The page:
5 Steps to Learn from your Mistakes

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Decision-making and Valuation > Best Practices > 5 Steps to Learn from your Mistakes

5 Steps to Learn from your Mistakes
Anneke Zwart, Student (University), Netherlands, Moderator
We all know that making mistakes is needed to learn from them, in order to do things better in the future. Indeed, people are often told to learn from mistakes, to maximize return on failure. But how exactly should we deal with moments of failure? Roese (2016) developed a mental protocol – based on counterfactual thinking – with 5 steps that one can use in such setback situations. It is a set of short, but structured questions you need to ask (yourself) to recover and learn from setbacks:
    In what way could the outcome be different in a positive way?
    It is important to focus on your own actions and the way those actions change in order to positively change the outcome.
    What other path would have lead to a better outcome?
    The reason why two alternative paths need to be envisaged has to do with the prevention of hindsight bias: the tendency to start seeing the event as having been predictable all along (without any objective basis for this predictability). A second path withholds you from ascribing your failure towards one pat reason.
    How could a different path perhaps have been a different overall experience, but still have lead to the same result?
    It is important to question yourself in what way this different path would still lead to the same outcome. This step tries to uncover the barriers that might have not been easily noticeable.
    How could the same path lead to another outcome?
    This step makes you more aware of the randomness in outcomes. Indeed, a certain path taken at some point in time can have a tremendously different outcome compared to the same path taken at another point in time, due to the existence of outside forces. The fourth step may help you to think about backup plans to deal with those external factors.
    In what way could the outcome have been worse in a negative way?
    Not only does this step serve as a feel-good tactic, it also helps to better understand the situation.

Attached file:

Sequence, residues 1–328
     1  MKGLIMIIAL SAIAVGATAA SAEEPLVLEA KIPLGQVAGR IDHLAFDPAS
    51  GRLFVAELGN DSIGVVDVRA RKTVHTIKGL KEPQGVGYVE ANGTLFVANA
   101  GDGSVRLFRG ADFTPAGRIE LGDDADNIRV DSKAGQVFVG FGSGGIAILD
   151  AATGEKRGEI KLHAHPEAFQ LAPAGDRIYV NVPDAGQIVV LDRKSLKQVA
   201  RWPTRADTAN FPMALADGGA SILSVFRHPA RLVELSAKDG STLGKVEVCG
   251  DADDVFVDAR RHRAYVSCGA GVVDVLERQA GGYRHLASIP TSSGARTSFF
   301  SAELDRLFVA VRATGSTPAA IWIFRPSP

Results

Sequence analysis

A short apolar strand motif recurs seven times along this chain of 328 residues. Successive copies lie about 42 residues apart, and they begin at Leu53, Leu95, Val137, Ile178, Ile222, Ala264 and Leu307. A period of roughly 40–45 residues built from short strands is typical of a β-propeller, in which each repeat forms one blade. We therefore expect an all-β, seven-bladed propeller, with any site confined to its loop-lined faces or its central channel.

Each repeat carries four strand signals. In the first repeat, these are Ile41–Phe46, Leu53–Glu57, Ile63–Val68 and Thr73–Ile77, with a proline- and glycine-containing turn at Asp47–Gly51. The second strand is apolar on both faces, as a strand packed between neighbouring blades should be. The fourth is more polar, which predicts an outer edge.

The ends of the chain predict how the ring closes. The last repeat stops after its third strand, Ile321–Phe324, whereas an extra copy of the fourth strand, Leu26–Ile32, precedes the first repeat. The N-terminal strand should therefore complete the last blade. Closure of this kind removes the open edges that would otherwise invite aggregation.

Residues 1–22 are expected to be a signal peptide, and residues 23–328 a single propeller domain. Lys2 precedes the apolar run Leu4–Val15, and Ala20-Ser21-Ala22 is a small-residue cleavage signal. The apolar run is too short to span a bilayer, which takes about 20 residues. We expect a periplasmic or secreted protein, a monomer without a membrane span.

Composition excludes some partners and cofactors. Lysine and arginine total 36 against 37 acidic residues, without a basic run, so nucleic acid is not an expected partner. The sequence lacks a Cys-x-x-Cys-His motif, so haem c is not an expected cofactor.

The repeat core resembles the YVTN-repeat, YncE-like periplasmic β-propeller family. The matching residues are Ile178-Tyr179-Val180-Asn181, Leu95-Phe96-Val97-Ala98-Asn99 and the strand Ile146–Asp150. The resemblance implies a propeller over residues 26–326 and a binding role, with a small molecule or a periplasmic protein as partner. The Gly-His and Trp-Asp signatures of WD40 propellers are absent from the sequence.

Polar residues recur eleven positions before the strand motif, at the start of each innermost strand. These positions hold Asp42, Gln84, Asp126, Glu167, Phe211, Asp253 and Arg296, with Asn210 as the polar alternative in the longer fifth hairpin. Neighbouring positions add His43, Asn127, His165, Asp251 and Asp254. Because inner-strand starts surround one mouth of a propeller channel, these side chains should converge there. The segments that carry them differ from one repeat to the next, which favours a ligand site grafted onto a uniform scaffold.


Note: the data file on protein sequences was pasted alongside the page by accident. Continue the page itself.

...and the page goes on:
To summarize, above five steps help you to create a nuanced picture of the situation. After having finished the above steps you are better able to identify the true causes of the actual outcome. The different paths leading to a better outcome provide you with a base for enhancing your behavior/performance next time. Naturally, those alternative paths will not be taken precisely. They just provide you new possible tactics.

Sources: Roese, N.J. (2016) “5 Steps to Help Yourself Recover from a Setback” Harvard Business Review

5 Steps to Learn from Your Mistakes
Abid Bilal, Manager, Pakistan, Member
In my opinion, the above elaboration is purely based on the theoretical aspects. In practice, sometimes the decision is correct, but the outer forces do not accept it and cause its failure, the reason being it causes a bad impact on these outer forces.

How to Learn from Mistakes
Jaap de Jonge, Editor, Netherlands
Thanks Anneke for contributing this excellent summary of Roese's setback analysis method.
At first Roese's 5 Steps may seem a bit complex - they require some initial effort in order to fully comprehend and apply them.
But in my opinion, when you and your organization want to learn from major setbacks, I believe the 5 questions provide excellent guidance!
@Abid Bilal: I believe Roese's framework can be used to analyze both external and internal forces / factors.

How to Learn from Personal Mistakes
Eugene Laslo, Consultant, Hungary, Member
According to Scott Berkun, learning from your mistakes first requires 3 things:
1. Putting yourself in situations where you can make interesting mistakes.
2. Having the self-confidence to admit to them.
3. Being courageous about making changes.
As soon as you start blaming other people (or the whole world) you distance yourself from any possible lesson. You should rather have the courage to honestly say to yourself “this was my mistake and I was responsible”. Then you pen up possibilities to learn.

Learning as a Return on Failure
Gandhi Heryanto, Management Consultant, Indonesia, Premium Member
See also the interesting article about Return on Failure (ROF) of Innovations related to this discussion topic.
So, what is failure? When things don't go according to plan or expectations, ending up with unexpected and/or undesired outcomes. The key is the ' undesired ' – because if they were to be desired and not planned or expected, that would be great!. We've heard the phrase "fail often, fail fast, fail cheap" or "it's OK to make mistakes, just make different ones." So, can we do a better job of learning from failure? So, and check my 'math':
ROF = Failure Identification + Failure Analysis applied over and over... Iterative Prototyping & Experimenting.

Lessons Learned
nan zeng, Project Manager, China, Member
@Abid Bilal: No victim. No matter how difficult the outer forces look like, the decision maker or executive team have to deal with them and make sure the expected results are delivered in the end. Otherwise, they have to go back to look at lessons learned - probably, stakeholder management in case of your assumption.

Learning from Mistakes and Avoiding Mistakes
Victor Manuel Meneses Torres, Consultant, Mexico, Member
I would like to add another question to ask. Since if we don´t know enough about the subject, we are closer to commit mistakes and get bad outcomes.
The question is:
6. What should we learn to avoid mistakes and achieve better results next time?

What Should we Learn to Avoid Mistakes?
Jaap de Jonge, Editor, Netherlands
@Victor Manuel Meneses Torres: I like your additional question a lot as it specifically points to (lack of) learning as a factor causing the setback/mistake.

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